For storage to realise its full potential, a robust regulatory framework is needed in order to provide investment security. In the European Union, the role energy storage plays in EU power markets is not yet formally recognised in a way that reflects the unique position of storage in the electricity market, that is as a generator and a consumer. In addition, every country has its own regulations which makes it a complex issue. By joining forces, the FBE members (including commercial flow battery companies, universities, R&D and supply chain partners) will have a stronger voice in Brussels.
What do you see as the R&D priorities for flow batteries and why?
The technology is still developing in terms of system design, efficiency and electrolyte applications. To increase stack and system efficiency, specific materials like membranes, felts and electrodes need to be improved. Furthermore, the technology needs to be scaled to achieve competitive cost levels.
Between 2010 and 2019, only 7% of the world’s flow battery projects were installed in Europe, with much more R&D and commercial support taking place in North America and Asia. Forming FBE is a great opportunity to ensure that Europe takes full advantage of this exciting, safe and efficient battery energy storage technology.
What are the major barriers to the increased deployment of energy storage?
There are vested interests that are limiting the speed of integration of energy storage both behind and after the meter. There is also a general lack of knowledge regarding different storage solutions and opportunities among some policy makers. In addition, as can be expected with emerging technologies, regulatory policy is lagging behind energy storage technology. Meanwhile, politicians still struggle with the definition of energy storage. There are multiple barriers, while coal and other fossil fuels are still a dominant fuel source in most counties because of their abundance, which makes them cheap and accessible. In that sense, a far higher tax on CO2 emissions in combination with the scrapping of all fossil fuel subsidies would be helpful.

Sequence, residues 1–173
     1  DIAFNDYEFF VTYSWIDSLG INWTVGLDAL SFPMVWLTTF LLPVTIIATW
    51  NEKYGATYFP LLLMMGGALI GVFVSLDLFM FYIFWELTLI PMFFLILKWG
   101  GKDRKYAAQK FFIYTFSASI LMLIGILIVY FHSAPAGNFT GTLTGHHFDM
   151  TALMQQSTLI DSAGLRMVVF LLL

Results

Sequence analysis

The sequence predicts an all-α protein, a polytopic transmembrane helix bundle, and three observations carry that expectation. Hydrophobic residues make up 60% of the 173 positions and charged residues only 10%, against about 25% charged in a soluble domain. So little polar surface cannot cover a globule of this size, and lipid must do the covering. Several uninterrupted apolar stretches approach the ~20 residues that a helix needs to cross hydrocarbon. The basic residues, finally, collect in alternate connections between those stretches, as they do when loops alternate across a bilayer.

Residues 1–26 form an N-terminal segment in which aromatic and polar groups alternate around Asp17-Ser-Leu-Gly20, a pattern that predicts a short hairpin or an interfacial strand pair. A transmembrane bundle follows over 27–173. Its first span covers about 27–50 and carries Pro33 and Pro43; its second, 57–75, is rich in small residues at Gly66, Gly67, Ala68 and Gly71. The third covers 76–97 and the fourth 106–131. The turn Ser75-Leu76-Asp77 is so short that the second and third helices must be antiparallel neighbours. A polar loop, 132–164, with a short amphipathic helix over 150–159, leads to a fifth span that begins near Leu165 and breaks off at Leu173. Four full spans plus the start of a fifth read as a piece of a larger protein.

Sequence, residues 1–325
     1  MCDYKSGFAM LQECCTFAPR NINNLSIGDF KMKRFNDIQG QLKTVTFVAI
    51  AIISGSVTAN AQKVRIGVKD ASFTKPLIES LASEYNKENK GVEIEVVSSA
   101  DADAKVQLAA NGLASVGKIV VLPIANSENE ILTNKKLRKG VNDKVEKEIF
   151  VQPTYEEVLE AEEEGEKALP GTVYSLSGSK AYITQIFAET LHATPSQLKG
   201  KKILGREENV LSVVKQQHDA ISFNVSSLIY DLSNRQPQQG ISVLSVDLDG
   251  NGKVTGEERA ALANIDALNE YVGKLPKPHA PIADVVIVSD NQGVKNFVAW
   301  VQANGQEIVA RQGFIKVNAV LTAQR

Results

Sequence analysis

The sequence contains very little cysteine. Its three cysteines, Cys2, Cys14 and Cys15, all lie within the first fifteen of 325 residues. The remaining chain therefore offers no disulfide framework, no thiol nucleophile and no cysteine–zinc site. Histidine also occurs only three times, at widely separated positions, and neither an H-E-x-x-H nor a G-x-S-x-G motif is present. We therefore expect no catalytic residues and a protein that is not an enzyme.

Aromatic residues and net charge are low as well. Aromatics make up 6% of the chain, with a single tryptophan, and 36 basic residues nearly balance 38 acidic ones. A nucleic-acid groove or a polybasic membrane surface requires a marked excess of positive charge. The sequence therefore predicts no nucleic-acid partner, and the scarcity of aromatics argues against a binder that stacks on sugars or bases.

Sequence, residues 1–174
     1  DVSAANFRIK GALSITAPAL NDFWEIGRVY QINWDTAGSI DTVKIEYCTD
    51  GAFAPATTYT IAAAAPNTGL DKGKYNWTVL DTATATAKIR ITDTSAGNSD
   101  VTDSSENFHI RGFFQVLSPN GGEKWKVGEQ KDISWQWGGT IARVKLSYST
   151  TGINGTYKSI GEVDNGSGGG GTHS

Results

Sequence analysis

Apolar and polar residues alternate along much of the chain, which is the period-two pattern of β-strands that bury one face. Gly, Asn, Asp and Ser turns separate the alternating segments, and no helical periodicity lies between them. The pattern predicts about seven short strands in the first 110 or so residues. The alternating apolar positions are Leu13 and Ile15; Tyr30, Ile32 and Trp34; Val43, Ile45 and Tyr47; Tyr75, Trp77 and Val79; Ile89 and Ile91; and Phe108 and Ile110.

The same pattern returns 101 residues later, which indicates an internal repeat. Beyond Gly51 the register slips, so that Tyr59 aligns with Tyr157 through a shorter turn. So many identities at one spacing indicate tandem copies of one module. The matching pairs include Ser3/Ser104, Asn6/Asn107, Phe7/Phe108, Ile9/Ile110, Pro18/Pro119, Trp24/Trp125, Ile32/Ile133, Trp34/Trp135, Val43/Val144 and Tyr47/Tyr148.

For flow batteries, there are still some specific barriers such as the relatively small size of most companies, the limited number of batteries in the field, and the lack of standards and certifications which can lead to hurdles facing storage projects.
What are the main benefits of flow batteries?
Flow batteries offer significant benefits in long-duration usage applications and situations that require regular cycling throughout the day. Flow batteries may provide unrivalled cost certainty versus other emerging storage technologies on the market. Though flow batteries currently represent a higher upfront capital investment than a similar-sized lithium-ion configuration, they become more competitive when evaluated on a total cost of ownership basis over a 20 to 30-year lifecycle. The typical advantages of flow batteries include 15,000-20,000 plus battery cycles, little or no loss of storage capacity, and ramp rates ranging from milliseconds for discharge if pumps are running, to a few seconds if pumps are not.